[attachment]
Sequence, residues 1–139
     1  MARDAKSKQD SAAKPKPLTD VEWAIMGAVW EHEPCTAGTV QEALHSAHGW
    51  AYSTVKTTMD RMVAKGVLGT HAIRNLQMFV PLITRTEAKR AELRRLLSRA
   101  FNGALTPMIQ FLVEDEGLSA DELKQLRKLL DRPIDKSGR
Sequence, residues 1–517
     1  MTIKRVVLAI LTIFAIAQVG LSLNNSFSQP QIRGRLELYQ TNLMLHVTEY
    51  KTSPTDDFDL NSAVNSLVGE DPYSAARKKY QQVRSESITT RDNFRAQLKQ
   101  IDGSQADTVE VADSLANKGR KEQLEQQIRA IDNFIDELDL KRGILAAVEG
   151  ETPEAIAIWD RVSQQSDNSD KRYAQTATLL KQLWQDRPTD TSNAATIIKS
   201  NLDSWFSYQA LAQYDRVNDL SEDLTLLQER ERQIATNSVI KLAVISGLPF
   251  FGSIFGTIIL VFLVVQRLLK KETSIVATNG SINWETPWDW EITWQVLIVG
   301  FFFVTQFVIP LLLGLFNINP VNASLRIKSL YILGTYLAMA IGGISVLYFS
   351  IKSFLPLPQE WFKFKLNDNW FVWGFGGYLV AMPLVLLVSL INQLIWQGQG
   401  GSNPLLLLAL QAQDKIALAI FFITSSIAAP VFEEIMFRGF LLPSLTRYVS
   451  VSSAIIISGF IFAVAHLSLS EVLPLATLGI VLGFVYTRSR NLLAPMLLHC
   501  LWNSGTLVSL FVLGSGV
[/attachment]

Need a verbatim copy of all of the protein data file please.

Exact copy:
Sequence, residues 1–139
     1  MARDAKSKQD SAAKPKPLTD VEWAIMGAVW EHEPCTAGTV QEALHSAHGW
    51  AYSTVKTTMD RMVAKGVLGT HAIRNLQMFV PLITRTEAKR AELRRLLSRA
   101  FNGALTPMIQ FLVEDEGLSA DELKQLRKLL DRPIDKSGR
Sequence, residues 1–517
     1  MTIKRVVLAI LTIFAIAQVG LSLNNSFSQP QIRGRLELYQ TNLMLHVTEY
    51  KTSPTDDFDL NSAVNSLVGE DPYSAARKKY QQVRSESITT RDNFRAQLKQ
   101  IDGSQADTVE VADSLANKGR KEQLEQQIRA IDNFIDELDL KRGILAAVEG
   151  ETPEAIAIWD RVSQQSDNSD KRYAQTATLL KQLWQDRPTD TSNAATIIKS
   201  NLDSWFSYQA LAQYDRVNDL SEDLTLLQER ERQIATNSVI KLAVISGLPF
   251  FGSIFGTIIL VFLVVQRLLK KETSIVATNG SINWETPWDW EITWQVLIVG
   301  FFFVTQFVIP LLLGLFNINP VNASLRIKSL YILGTYLAMA IGGISVLYFS
   351  IKSFLPLPQE WFKFKLNDNW FVWGFGGYLV AMPLVLLVSL INQLIWQGQG
   401  GSNPLLLLAL QAQDKIALAI FFITSSIAAP VFEEIMFRGF LLPSLTRYVS
   451  VSSAIIISGF IFAVAHLSLS EVLPLATLGI VLGFVYTRSR NLLAPMLLHC
   501  LWNSGTLVSL FVLGSGV